California: New roofs must be solar ready from 2014

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The new energy efficiency measures have been "unanimously" approved by the commission. While they are expected to increase construction costs by US$2,290, energy savings over 30 years should exceed $6,200, it believes. "Based on a 30-year mortgage, the standards will add approximately $11 per month for the average home, but save consumers $27 on monthly heating, cooling, and lighting bills," it said in a statement released.

In addition to implementing solar-ready roofs, which will allow both homeowners and businesses to add photovoltaic panels at a later date, the commission has included other such energy saving measures as more efficient windows, insulated hot water pipes and ventilation systems, in order to boost efficiency.

"After 30 years of implementing the Standards, California will save nearly 14,000 megawatt hours or enough electricity to power 1.7 million homes and avoid the need to construct six new power plants," continued the statement.

Market ready mechanism

In related news, the California Public Utilities Commission has amended the state’s feed-in tariff. Under the changes, a new pricing mechanism, the "Renewable Market Adjusting Tariff" or "Re-MAT", has been introduced.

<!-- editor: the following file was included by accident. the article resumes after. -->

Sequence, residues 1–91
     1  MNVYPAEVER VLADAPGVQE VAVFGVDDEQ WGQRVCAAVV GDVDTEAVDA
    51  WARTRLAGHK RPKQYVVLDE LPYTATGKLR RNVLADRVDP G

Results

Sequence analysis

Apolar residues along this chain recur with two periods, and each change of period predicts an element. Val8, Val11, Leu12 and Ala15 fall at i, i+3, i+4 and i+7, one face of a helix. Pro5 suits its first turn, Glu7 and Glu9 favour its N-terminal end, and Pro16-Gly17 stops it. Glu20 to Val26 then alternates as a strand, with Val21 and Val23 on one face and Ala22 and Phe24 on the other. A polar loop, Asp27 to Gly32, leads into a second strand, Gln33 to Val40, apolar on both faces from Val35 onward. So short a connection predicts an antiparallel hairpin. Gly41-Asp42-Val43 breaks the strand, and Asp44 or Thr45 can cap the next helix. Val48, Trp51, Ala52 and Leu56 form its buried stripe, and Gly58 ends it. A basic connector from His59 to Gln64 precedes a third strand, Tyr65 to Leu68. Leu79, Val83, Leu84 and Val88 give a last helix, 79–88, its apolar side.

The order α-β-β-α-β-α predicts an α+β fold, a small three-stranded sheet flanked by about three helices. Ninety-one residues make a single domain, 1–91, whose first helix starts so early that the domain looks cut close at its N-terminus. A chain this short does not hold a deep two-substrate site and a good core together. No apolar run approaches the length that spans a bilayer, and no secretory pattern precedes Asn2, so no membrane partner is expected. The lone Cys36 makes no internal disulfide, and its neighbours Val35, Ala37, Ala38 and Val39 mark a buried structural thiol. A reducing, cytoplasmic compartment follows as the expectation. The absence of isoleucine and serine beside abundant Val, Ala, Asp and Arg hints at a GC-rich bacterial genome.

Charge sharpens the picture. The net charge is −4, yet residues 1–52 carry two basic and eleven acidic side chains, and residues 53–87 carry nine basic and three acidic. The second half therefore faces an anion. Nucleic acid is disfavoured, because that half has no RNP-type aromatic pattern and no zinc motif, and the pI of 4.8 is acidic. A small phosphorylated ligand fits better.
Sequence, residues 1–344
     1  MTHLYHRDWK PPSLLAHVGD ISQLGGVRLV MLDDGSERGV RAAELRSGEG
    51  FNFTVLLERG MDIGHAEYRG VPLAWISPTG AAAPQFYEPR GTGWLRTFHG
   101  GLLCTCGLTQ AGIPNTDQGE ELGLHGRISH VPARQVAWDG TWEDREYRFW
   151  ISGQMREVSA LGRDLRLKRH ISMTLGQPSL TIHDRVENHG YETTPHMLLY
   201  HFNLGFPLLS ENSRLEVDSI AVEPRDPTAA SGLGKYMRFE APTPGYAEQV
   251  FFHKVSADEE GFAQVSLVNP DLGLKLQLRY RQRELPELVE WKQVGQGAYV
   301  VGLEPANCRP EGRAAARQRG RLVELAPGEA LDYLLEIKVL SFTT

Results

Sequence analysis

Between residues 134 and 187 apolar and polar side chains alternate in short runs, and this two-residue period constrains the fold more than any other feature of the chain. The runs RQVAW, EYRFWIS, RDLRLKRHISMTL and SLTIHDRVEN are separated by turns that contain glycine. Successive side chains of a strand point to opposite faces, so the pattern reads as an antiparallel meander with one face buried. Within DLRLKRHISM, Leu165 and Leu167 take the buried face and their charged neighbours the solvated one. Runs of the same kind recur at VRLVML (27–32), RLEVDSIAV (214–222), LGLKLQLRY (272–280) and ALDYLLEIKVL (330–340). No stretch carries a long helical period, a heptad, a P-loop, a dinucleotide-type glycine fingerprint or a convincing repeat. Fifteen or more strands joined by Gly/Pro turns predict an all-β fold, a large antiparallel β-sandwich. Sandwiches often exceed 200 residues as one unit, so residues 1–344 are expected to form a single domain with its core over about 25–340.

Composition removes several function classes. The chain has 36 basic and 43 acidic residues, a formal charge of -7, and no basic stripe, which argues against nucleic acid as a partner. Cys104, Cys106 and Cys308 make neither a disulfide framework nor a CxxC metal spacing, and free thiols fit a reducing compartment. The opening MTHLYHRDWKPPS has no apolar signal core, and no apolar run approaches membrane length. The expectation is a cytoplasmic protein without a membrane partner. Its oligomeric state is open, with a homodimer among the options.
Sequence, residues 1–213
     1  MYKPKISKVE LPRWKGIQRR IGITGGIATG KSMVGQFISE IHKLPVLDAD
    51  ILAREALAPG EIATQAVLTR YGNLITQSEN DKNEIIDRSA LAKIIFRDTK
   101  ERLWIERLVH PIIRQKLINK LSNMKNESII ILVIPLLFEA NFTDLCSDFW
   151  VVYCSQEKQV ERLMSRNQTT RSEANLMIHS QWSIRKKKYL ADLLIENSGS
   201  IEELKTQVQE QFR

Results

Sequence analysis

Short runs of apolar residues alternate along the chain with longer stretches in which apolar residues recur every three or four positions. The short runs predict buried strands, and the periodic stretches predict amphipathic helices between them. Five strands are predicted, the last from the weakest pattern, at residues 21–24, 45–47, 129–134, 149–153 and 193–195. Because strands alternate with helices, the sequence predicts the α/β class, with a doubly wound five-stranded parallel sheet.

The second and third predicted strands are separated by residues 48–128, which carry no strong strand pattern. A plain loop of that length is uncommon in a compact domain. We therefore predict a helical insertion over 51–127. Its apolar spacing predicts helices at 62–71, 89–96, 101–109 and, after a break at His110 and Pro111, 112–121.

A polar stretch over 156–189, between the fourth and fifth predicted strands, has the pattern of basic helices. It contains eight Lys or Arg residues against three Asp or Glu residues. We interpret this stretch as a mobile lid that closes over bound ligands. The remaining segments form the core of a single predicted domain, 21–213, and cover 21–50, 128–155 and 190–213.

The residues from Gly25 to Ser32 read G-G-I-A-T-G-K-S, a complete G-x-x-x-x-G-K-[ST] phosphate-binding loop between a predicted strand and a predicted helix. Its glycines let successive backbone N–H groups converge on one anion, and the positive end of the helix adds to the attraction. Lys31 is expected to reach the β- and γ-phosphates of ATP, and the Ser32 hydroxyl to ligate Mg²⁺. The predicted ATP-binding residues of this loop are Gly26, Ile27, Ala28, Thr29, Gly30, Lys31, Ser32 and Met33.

According to the commission, the Re-MAT includes two main components. Firstly, a starting price will be applied to three FIT product types: baseload, peaking as-available, and non-peaking as-available. The starting price – $89.23 – has been based on the weighted average contract price of Pacific Gas and Electric Company, Southern California Electric Company, and San Diego Gas & Electric Company’s highest priced executed contract, which resulted from the Renewable Auction Mechanism auction held last November.

Secondly, a two-month price adjustment mechanism has been introduced – up from a monthly mechanism – "that may increase or decrease the price for each product type every two months based on the market response."

Further amendments include an increase in the maximum size of eligible facilities from 1.5 to three megawatts, an adjustment in the capacity allocations among the utilities, an adoption of project viability criteria, and the exclusion of small electric utilities from the program.

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